Illustrated introduction to Michelangelo, £9.99
Male intimacy in Classical Athens
This cup shows scenes of an elite male drinking party in Athens from around 485-480 BC. Guests lie and sit on couches and are served by boys.
Sexual relationships between males are particularly associated with fifth to fourth century BC Athens, the time of Plato and the temple of Athena known as the Parthenon. The ideal was that the younger partner should not be more than 20, and the older partner not older than 40. There is, however, also evidence for relationships between adult males, and life was much more varied than this ideal.
Male intimacy in Rome
While to modern viewers, images of a young man with a boy (probably aged between 13 and 16) are highly controversial, Roman society found the age difference essential for making the relationship acceptable.
A Roman man was free to choose sexual partners of either gender. The Romans believed men should be dominant, both socially and sexually, so as long as a man remained the active partner in any sexual encounter, his masculinity and status was not in question.
This cup was bought by the American art collector Edward Perry Warren (1860-1928). He referred to it as the 'holy grail' and treasured its vivid portrayal of the acceptance of same-sex love.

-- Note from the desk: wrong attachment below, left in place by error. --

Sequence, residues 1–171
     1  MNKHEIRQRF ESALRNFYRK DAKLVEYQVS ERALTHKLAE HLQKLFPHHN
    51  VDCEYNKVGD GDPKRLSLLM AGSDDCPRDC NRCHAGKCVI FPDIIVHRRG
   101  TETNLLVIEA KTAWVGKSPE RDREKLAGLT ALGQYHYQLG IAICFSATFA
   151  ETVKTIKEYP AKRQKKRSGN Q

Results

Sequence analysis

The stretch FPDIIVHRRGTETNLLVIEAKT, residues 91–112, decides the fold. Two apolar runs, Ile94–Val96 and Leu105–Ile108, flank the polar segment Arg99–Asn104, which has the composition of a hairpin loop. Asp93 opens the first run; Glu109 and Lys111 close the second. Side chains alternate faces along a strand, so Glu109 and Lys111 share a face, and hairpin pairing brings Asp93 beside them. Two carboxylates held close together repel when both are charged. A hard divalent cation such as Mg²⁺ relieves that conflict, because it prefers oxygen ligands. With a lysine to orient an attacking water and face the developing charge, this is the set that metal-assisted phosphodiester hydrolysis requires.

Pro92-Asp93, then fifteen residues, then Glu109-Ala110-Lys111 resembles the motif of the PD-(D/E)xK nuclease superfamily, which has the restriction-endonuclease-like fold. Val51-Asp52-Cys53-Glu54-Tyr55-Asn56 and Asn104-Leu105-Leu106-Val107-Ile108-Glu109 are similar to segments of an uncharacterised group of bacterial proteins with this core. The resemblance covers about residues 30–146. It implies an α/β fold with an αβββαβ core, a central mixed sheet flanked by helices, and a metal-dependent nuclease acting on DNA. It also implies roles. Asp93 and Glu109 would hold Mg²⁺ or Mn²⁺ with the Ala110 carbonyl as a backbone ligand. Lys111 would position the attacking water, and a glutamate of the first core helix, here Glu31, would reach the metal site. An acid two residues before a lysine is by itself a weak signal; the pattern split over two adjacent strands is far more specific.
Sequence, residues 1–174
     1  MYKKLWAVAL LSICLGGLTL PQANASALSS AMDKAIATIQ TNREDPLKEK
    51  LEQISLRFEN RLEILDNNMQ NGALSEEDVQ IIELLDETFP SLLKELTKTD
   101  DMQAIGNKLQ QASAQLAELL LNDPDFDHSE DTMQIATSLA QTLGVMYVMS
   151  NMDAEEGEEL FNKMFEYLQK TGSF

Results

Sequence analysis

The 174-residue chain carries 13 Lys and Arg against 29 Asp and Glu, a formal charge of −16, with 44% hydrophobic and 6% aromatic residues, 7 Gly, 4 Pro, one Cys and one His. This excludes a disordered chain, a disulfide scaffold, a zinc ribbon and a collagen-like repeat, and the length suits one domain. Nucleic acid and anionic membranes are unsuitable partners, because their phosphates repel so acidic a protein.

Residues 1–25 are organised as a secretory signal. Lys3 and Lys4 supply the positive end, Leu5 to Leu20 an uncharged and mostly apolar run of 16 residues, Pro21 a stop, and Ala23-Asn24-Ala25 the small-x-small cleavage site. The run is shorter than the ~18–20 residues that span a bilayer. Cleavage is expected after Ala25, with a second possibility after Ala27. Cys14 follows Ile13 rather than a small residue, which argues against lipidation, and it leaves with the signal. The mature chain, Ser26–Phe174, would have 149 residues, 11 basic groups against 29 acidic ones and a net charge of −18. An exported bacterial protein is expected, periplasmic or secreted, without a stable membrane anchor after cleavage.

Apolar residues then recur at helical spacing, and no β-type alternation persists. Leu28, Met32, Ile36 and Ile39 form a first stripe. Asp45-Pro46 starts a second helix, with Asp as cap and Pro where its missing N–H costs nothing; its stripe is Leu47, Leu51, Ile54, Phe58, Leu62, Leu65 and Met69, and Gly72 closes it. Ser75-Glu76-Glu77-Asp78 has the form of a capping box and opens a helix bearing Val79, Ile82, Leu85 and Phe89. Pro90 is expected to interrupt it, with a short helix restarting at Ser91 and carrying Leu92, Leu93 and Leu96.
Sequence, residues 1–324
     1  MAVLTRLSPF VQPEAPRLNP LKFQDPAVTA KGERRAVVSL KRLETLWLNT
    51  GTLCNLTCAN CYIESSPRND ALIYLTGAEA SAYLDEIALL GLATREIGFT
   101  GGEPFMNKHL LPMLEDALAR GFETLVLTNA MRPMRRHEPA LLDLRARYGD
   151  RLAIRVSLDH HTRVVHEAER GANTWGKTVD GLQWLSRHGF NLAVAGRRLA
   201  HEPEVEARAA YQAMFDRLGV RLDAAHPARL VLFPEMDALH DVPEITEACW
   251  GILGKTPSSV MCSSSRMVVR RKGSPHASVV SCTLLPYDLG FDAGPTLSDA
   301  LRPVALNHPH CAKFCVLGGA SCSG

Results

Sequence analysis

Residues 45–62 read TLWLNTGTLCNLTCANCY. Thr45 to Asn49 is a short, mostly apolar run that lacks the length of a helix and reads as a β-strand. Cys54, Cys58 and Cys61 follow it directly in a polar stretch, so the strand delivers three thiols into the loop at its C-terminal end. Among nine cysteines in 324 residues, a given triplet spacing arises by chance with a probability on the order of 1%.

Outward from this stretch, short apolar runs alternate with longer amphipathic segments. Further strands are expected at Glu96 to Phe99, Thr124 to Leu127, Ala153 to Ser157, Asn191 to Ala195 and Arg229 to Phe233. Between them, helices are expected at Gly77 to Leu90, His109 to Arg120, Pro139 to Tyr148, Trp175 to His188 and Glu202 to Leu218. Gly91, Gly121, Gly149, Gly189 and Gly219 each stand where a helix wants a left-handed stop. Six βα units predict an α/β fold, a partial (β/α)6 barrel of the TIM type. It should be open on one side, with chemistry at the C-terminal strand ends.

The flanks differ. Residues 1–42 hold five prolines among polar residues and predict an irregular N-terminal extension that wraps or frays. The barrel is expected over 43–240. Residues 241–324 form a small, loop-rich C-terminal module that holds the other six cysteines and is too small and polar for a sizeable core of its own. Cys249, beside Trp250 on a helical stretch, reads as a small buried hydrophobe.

Hadrian and Antinuous: an imperial romance
The reign of the Emperor Hadrian (76–138 AD) was marked by military campaigns and imperial building projects, including the famous wall across the north of England.
He married into the imperial family, but in his early 50s he met a Greek youth in what is now modern Turkey, possibly during a tour of the province in AD 123. Named Antinous, the young manbecame the emperor’s lover.
During a later imperial tour of Egypt in AD 130, Antinous drowned in the Nile and Hadrian is said to have been distraught and ‘wept like a woman’. His devotion to Antinous led him to establish a city named Antinopolis close to the Nile where he died.
He also made Antinous into a god - not unusual for members of the emperor's family, but unheard of for such a low born person. Hadrian commemorated his beloved in huge numbers of statues, figures, portraits and coins across the known roman world.
More information about the objects featured here: